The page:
The Maritime History of the Great Lakes
Forest Queen (Barge), aground, 8 Nov 1872


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The stmb. BURLINGTON which was coming down with the barges KENTUCKY, NORTH STAR and FOREST QUEEN, all laden with lumber from Saginaw, in tow, was forced to cut loose from them off Pt. Abino, last night, and leave them to their fate. This morning the tug GARDNERwas sent out after them, but had not returned at last account
      One of the barges, the KENTUCKY, was to be seen at anchor out in the bay at 11:00 this morning. As the gale has abated it is expected that all 3 will be brought in without damage or loss of cargo.
      Buffalo Commercial Advertiser
      November 8, 1872 3-1

      . . . . .

      The only disaster of magnitude befell a tow of lumber barges, which class of craft seem to have been very unfortunate during the past season, the victim in this instance being the steambarge BURLINGTON, with barges KENTUCKY, STAR OF THE NORTH and FOREST QUEEN, all loaded with lumber and bound from Bay City to Buffalo. The barges
were caught in the storm near Gravelly Bay, and the captain of the BURLINGTON endeavored to take his tow into harbor but was unsuccessful, and was obliged to head for Buffalo. Between Gravelly Bay and Pt. Abino the tow lines of the kentucky and the STAR OF THE NORTH parted. The storm was so violent that any attempt to secure the barges would have been useless, and the BURLINGTON and FOREST QUEEN kept on alone.
      Off Pt. Abino the line connecting the barges parted and since that time nothing has been heard or seen of the ill-fated FOREST QUEEN. The STAR OF THE NORTH drifted about at the mercy of the waves for a few hours and finally anchored near Pt. Abino. The
KENTUCKY anchored about 4 miles up the bay. The BURLINGTON arrived safely, and upon the news of the disaster being received the tug GARDNER was sent in pursuit of the missing craft. The STAR OF THE NORTH was brought into port yesterday morning, and
the crew of the KENTUCKY, which was waterlogged, were taken from their uncomfortable quarters. The barge itself was afterwards towed in near the new breakwater, where it will remain at anchor until the water becomes calm.
      The FOREST QUEEN had a crew of 7 men, and as nothing had been heard of either vessel or crew at a late hour yesterday, it is feared that their names must be added to the already long list of sprays which swept over the frail planks would be enought to weaken even the strongest and most hardy, and ere this the treacherous waters of Lake Erie have doubtless enshrouded and entombed the remains of the 7 unfortunate mariners.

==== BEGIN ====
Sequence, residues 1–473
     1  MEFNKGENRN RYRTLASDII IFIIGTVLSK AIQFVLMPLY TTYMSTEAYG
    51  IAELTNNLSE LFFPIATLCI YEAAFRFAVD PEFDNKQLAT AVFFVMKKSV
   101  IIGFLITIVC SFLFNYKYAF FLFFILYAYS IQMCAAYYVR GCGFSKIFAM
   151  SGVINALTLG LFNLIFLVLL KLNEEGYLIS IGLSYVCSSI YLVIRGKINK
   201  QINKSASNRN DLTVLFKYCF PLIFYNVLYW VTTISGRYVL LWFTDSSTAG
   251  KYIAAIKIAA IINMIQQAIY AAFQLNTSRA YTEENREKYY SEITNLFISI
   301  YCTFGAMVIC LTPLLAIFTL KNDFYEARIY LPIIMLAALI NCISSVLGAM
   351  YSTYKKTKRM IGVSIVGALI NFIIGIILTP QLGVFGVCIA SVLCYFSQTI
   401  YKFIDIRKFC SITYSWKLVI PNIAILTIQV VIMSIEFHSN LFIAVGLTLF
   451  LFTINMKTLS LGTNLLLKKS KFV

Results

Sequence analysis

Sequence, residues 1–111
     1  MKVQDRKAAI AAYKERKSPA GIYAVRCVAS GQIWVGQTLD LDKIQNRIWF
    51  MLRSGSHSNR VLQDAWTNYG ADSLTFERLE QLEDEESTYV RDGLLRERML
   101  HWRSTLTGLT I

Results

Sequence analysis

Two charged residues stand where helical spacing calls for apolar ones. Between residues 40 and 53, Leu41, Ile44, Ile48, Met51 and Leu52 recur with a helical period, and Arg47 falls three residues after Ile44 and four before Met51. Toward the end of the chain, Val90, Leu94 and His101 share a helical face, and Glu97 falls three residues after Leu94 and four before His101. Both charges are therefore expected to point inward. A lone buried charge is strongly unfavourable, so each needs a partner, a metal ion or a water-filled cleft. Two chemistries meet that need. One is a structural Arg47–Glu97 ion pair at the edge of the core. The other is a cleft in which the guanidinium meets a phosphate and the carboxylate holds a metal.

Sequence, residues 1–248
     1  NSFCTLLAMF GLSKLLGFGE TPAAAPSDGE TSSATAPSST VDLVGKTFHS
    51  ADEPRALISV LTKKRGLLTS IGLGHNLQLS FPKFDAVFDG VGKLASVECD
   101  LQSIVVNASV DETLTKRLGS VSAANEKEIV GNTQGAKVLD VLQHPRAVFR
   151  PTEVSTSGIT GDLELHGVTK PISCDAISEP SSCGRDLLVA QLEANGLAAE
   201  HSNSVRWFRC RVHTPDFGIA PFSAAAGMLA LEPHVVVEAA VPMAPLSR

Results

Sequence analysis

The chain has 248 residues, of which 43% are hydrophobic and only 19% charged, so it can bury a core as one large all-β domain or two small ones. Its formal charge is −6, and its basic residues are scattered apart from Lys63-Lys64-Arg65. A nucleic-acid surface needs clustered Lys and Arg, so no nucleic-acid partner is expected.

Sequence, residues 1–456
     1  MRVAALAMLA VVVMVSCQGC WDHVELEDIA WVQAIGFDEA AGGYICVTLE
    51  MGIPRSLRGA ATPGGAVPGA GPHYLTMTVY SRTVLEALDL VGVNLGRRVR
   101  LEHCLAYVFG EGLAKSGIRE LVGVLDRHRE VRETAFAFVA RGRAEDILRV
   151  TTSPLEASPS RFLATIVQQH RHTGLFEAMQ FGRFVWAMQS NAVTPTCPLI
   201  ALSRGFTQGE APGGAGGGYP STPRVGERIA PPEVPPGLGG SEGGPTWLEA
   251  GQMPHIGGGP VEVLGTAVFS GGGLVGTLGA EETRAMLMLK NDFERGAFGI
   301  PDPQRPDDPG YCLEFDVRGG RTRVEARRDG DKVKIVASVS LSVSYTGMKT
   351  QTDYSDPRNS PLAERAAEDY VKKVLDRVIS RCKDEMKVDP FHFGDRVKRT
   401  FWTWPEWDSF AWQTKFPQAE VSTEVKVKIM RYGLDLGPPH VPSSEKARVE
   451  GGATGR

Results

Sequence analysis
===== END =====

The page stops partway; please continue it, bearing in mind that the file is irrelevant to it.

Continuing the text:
Buffalo Morning Express
      November 9, 1872 1-3

      . . . . .

It appears that the FOREST QUEEN was the last to break loose from the BURLINGTON. The NORTH STAR and KENTUCKY was lost off Gravelly Bay and the FOREST QUEEN held on until opposite Pt. Abino, when the line parted, since which nothing has been seen or heard from, which in any way throws light upon the fate of the barge or crew. The crew rescued from the waterlogged KENTUCKY reports passing some person on a wreck who hailed them and called for help. The FOREST QUEEN was owned by C.C. Blodgett of Detroit. Her cargo consisted of 20,000 staves for A.A. Gillespie and 900 hoops for Toles & Sweet.
Later - Hoops, staves and pieces of the cabin have been found 2 miles up the south shore this morning.
      Buffalo Commercial Advertiser
      November 9, 1872 3-6

      . . . . .

Detached pieces of the wrecked barge FOREST QUEEN came ashore yesterday; also a large quantity of the cargo, but the bodies of the captain and crew have not yet been recovered.
      Buffalo Commercial Advertiser
      November 11, 1872 3-3

      . . . . .

Buffalo, Nov. 9 - The barge FOREST QUEEN, bound from Bay City of Buffalo, was wrecked a few miles from here yesterday. The crew consisting of 3 men and a female cook, were all lost.
      The Toronto Mail
      Monday, November 11, 1872

      . . . . .

Nothing has yet been discovered of the crew of the wrecked barge FOREST QUEEN. Her commander was Capt. Wm. Walker of Detroit; Wm. Steva was mate, and a citizen of this state; J.A. Straub, a seaman, was a resident of this city; Alfred Oldfield, a seaman, residence unknown; Ufarg Rosa, mulatto cook, resident of Detroit.
      Buffalo Commercial Advertiser
      November 14, 1872 3-5



Media Type:
Text
Newspaper
Item Type:
Clippings
Notes:
Reason: aground
Lives: 4
Remarks: Total loss
Date of Original:
1872
Subject(s):
Local identifier:
McN.W.16021
Language of Item:
English
Geographic Coverage:
  • New York, United States
    Latitude: 42.88645 Longitude: -78.87837
Donor:
William R. McNeil
Copyright Statement:
Copyright status unknown. Responsibility for determining the copyright status and any use rests exclusively with the user.
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Forest Queen (Barge), aground, 8 Nov 1872